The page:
|Use text qualifier||Yes||Instruct the Terminology Manager to detect text qualifiers.|
|Comment delimiter||#||Select the character that hides comments in your CSV file. You can use comments to store meta information about the contents of the file.|
If you use the comment delimiter (#), the Terminology Manager ignores any text contained between two (#) characters.
|Use comments||No||Instruct the Terminology Manager to detect comment delimiters.|
Typical CSV File Structures
When using the term import wizard it is important to understand how the term entries in your CSV file are structured. The structure of your CSV file influences how you use the term import wizard.
For every term, the term import wizard requires system field information such as language and status. Some file structures contain this information already, and other file structures require this information to be set globally. If your CSV file has several columns which contain terms, you must configure the system field information separately for each term column.
The following examples show common CSV file structures and the main system field configurations necessary to import the file.
Example 1: A single-language CSV which contains two term columns for preferred and deprecated terms
Since there are no language or status columns in the file, the language and status of the terms must be configured globally for each column. Note that the status is configured differently depending on the column.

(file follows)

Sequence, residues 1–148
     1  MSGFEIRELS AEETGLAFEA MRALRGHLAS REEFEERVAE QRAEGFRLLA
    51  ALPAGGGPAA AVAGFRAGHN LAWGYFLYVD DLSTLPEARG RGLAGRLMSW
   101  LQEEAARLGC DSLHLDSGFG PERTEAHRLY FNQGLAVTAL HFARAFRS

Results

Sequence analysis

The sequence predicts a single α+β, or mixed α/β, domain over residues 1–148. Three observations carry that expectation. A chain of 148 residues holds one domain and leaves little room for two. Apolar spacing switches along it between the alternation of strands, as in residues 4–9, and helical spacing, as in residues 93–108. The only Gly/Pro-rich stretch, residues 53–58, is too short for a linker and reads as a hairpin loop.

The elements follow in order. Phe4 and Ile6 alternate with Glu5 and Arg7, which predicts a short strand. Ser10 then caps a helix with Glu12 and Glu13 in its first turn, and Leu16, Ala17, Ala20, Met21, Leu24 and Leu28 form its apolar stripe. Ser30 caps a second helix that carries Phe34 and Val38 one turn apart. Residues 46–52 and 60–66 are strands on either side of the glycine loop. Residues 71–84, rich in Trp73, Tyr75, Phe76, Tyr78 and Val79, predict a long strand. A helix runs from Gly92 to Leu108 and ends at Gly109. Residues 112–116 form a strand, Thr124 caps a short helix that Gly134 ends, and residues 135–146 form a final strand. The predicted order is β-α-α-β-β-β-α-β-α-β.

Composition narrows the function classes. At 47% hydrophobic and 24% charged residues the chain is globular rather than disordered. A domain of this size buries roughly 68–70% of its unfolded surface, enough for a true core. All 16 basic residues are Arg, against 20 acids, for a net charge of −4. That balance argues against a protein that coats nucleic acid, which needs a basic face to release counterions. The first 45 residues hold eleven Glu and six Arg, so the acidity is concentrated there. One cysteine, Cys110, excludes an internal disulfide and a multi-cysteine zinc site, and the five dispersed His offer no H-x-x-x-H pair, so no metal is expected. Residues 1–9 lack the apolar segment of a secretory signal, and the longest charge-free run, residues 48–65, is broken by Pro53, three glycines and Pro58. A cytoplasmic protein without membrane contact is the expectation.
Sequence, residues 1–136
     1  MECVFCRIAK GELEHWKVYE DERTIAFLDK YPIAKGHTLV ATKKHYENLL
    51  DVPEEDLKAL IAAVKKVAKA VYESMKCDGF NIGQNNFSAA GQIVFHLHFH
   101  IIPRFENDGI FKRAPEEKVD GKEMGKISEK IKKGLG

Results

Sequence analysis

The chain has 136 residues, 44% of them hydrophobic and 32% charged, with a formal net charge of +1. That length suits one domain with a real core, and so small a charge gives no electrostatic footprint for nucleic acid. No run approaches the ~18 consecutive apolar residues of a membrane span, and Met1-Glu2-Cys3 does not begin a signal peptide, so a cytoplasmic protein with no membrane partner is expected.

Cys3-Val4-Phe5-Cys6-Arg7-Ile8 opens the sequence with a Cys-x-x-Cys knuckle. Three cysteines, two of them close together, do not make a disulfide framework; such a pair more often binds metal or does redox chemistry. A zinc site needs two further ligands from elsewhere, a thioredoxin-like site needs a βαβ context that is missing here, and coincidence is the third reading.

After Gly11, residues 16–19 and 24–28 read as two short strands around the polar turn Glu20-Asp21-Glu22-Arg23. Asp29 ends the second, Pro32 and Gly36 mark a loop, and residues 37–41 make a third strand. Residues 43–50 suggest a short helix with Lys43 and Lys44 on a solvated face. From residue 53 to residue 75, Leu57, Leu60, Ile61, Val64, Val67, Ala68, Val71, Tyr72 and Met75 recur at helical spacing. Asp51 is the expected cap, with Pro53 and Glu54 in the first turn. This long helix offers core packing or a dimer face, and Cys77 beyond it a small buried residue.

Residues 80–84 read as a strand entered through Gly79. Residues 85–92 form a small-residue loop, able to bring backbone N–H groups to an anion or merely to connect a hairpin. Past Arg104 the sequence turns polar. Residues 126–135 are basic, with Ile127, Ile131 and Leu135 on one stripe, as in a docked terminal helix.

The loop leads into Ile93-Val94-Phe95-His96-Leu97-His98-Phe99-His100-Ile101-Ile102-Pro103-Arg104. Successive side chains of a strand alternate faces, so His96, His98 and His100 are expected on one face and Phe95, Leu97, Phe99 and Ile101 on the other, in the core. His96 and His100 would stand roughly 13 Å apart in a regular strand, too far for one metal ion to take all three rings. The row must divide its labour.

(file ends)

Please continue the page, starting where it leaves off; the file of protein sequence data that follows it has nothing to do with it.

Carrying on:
Example 2: A multi-language CSV which contains two term columns for English and German terms
Again, since there are no language or status columns in the file, the language and status of the terms must be configured globally for each column. Note that this time, the language is configured differently depending on the column.
Example 3: A multi-language CSV which contains one column for all terms
The language and status of the terms is provided in secondary columns. The only global setting for this type of structure would be the source language which defines the head terms. In this example, you could set the source language to English which would mean that 'Aborted' is selected as the head term for the term entry '1001'.
Example 4: An exported CSV file with a new column for Japanese translations
The term entry ID is used to import the new Japanese terms into the existing term entries. The head terms are present to assist in translation only and do not get imported. The status and language are configured globally for the column 'JP Translation'.
Tip: Use the format option CSV (Translations only) to import this type of CSV file.
Preparing CSV Files That Contain Non-Western Characters
When using Excel to transfer terms that are not in Western scripts, save the import file as a Unicode Text (.txt) file, not as a CSV file.
When importing the file into the Terminology Manager, edit the advanced CSV options, and set the encoding to UTF-16 (or UTF-16LE), and set the column separator to <tab>.